This runs alongside efforts to document and share the history of the European settlers. The committee recognises that people in the wetlands have more than once moved from occupation to dispossession.

Winton Wetlands aerial views – December 2011.

The ecological renewal is built around specific management actions to establish self-sustaining populations of native fish, waterbirds and other fauna, and aquatic plants. It’s also improving the water quality and reducing the populations of feral animals and weeds.

Native plants returned to the site include the river red gum and cane grass.

Native fish are breeding, as is the majestic white-bellied sea eagle. A rakali (Australia’s answer to otters) and sugar gliders have been sighted.

An advisory panel is guiding the science behind the project. It’s supported by research partnerships with universities and an annual science forum, designed as an information exchange between the committee and the wider community.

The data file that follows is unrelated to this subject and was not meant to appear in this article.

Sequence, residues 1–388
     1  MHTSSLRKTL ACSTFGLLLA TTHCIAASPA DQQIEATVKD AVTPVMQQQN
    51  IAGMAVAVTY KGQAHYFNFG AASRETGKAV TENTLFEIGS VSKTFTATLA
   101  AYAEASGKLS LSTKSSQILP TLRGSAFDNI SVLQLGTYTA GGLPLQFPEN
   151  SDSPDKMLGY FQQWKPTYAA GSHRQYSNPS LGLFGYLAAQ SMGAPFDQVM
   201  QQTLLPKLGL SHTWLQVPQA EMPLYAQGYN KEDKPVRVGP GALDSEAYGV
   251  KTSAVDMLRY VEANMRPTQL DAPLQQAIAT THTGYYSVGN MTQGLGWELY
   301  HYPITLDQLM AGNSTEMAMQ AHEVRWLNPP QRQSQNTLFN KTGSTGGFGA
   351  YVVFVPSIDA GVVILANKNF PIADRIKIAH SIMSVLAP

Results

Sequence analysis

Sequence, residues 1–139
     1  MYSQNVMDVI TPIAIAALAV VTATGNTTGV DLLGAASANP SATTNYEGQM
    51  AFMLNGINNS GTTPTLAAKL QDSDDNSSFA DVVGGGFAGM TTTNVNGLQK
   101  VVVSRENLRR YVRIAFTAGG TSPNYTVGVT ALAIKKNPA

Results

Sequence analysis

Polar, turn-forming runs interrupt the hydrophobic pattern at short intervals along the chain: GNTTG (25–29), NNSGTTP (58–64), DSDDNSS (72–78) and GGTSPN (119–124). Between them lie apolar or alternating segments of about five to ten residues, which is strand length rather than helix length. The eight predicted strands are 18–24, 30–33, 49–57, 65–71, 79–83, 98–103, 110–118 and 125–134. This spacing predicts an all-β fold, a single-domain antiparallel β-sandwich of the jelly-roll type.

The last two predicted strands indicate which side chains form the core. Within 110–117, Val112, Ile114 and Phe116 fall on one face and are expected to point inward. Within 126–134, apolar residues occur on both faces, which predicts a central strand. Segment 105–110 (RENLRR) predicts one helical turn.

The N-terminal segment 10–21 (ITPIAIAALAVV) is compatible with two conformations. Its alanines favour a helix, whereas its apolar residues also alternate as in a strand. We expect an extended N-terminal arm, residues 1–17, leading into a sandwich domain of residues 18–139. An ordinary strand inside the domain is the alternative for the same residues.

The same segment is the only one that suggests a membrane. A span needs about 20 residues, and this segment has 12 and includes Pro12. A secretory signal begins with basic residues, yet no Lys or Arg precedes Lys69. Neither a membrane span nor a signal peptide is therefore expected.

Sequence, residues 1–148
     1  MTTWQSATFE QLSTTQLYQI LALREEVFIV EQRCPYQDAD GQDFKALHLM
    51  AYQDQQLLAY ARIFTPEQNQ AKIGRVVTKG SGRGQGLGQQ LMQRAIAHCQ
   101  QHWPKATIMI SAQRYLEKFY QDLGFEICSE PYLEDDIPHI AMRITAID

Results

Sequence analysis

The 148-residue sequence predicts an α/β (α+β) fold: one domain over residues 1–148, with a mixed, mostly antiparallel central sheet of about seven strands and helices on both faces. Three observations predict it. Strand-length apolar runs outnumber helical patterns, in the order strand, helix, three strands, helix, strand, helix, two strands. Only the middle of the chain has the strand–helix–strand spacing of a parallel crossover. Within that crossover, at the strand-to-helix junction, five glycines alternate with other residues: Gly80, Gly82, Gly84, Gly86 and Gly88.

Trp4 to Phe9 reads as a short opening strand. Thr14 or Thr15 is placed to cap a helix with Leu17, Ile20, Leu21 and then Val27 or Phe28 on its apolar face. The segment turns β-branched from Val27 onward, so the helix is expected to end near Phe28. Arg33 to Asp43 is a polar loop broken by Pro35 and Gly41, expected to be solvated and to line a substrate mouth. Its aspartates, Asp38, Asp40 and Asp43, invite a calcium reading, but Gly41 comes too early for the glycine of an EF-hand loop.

A cafe and visitors hub are now regularly used for events. People visit the wetlands for walks, bike rides, canoeing, stargazing and birdwatching.

There are 60km of roads, nine bush walks, 30km of cycling trails and artworks celebrating the landscape and its history.

The decommissioning of the dam was not well received by some in the community at first. The restoration project is working hard to repair the connection of people to the site through ecological renewal, art and recreational events.

New trees planted as part of the Winton Wetland revegetation during dry periods. Lance Lloyd, Author provided

If you restore it, they will come